The green of the first few days is so bright and full of life. And for months onward we will live in a green, green world and we will get used to the leaves.  We will gripe about the heat and the bugs and wish for cooler, less buggy days--like what we will have in the next few weeks. So I implore you, readers--do everything you can to get outside right now. There are special ephemeral magic moments that you won't even know you're missing, but you'd be mad at yourself if you had any idea.


Remember grace? No, I don’t mean a blessing over a meal. I mean grace for other people. We are all fallible beings out here, just trying to get through. Mistakes will be made.  Yet, time after time, it seems like we don’t give each other a chance to be human. Sometimes a mistake isn’t even made, we simply don’t have a complete understanding…yet we judge anyway.  

Allowing ourselves to see more than one side, and gathering information before deciding, are big parts of the critical consciousness developed in an educational environment. So, this month, presume positive intent.

Does everyone have positive intent all the time? Absolutely not. There are times when someone doesn't deserve our grace. Yet if we know others’ stories, we find that those instances where we can’t extend grace are few and far between. 

Still, presuming positive intent isn’t about the other person, it’s about us. It’s about having a mindset that puts us in a place where we can interact from a place of vulnerability instead of armor, where we are open to seeing possibility instead of adding to the negativity in the moment, or worse…spreading it.

When we gather support against someone we are reacting out of pain. When we ask others to choose sides without listening to multiple viewpoints, we instill fear of speaking up (which can foster an unwelcome environment). When we are talked about we feel undervalued and misunderstood. No position is a happy one to be in. At some point, we will likely be in each of these places. Wouldn’t you want compassion? Turns out, when we don’t extend grace, we activate anger in our own bodies, which releases stress hormones that can wreak havoc when left unbalanced.

What if we approached instead of canceled? What if we gave our fellow humans a chance instead of writing them off? What if we lived in the gray area of nuance and found comfort in our discomfort? We might be better off with our physical and mental health as well. So, let’s give positive intent a try.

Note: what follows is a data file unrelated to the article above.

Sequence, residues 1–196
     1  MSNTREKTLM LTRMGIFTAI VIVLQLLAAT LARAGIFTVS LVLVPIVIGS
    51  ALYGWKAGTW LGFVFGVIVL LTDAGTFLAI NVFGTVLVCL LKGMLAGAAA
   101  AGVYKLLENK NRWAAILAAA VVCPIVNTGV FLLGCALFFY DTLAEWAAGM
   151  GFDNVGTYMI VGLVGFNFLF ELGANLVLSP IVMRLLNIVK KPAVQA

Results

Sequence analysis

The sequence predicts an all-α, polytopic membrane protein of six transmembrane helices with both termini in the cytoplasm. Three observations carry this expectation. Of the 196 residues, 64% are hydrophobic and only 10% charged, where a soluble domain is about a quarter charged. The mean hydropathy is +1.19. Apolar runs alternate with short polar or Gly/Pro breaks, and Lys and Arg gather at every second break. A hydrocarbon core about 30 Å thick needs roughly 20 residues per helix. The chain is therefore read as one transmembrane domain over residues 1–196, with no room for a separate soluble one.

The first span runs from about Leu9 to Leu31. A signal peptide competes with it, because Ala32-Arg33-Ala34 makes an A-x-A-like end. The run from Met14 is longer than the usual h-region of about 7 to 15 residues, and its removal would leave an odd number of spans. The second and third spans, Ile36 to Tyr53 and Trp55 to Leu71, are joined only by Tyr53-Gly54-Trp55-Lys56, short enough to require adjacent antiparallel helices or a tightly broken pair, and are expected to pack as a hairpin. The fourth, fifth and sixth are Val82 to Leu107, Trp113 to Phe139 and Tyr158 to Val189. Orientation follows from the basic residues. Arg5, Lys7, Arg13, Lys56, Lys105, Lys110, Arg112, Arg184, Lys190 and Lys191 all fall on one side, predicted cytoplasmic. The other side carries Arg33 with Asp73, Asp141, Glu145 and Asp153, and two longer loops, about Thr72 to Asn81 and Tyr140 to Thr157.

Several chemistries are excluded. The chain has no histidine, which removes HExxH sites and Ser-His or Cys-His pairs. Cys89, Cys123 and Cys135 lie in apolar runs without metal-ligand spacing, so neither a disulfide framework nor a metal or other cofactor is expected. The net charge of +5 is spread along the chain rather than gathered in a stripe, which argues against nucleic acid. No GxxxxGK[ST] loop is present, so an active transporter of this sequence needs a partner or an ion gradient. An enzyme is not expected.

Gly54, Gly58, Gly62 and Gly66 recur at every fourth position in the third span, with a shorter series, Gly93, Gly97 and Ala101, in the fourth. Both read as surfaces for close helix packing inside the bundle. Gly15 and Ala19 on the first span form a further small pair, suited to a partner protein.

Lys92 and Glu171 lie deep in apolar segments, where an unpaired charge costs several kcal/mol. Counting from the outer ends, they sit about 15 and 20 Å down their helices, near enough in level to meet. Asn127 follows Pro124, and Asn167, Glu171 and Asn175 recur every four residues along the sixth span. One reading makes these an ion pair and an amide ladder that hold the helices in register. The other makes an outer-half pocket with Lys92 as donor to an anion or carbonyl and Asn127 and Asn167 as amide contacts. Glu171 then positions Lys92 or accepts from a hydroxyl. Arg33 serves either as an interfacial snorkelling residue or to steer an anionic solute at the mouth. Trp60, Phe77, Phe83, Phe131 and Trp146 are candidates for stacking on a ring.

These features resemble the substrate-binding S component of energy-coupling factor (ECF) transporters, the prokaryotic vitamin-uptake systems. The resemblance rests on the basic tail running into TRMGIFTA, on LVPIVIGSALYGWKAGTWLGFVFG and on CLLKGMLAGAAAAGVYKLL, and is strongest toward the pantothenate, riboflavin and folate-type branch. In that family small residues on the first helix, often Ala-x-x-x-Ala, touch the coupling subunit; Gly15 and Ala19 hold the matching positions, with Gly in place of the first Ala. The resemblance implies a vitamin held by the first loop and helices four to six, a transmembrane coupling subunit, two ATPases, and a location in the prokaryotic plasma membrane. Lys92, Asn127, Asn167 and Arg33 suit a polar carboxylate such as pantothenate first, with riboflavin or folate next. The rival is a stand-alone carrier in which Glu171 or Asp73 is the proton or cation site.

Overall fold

Want to go deeper? Every day this week, when you hear something negative about another person,  suspend judgment. Instead, ask yourself, do I know the whole story? What alternatives might explain this person’s thought or behavior? Journal about how it feels to consider both sides.

Want to learn more? Read this article about living in gray areas and “asking why instead of WTF”. It’s a bit long, but *well* worth the read.

Want to talk about it?  I’d be happy to talk! Here’s the office hour calendar for The DC Team! Also consider creating your own self-care check in group.

Click here to learn more about the DC team including office hours


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Submit your nominations for the DC Awards today! Submit by May 15.

Please join us for a conversation with

President Maud S. Mandel


Tyler Tsay ’19

on Friday, May 13 at 11:00 AM ET / 8:00 AM PT

As part of Asian, Asian American, and Pacific Islander (AAPI) Heritage Month and Bolin Legacy Weekend, you're invited to join Maud and Tyler for a conversation about AAPI life and experiences on campus, including progress toward creating an Asian American Studies program and the support and space for AAPI students being enhanced through the Davis Center Initiative.

Maud S. Mandel, Williams’ 18th president, joined the college in July 2018. She has engaged the Williams community in articulating a vision for the college’s future through a collaborative strategic planning effort. The resulting plan includes key curricular initiatives focused on technology and the liberal arts, the arts at Williams, global Williams, and learning by doing that build upon the college's historic strengths and reflect its core commitments to sustainability and inclusion.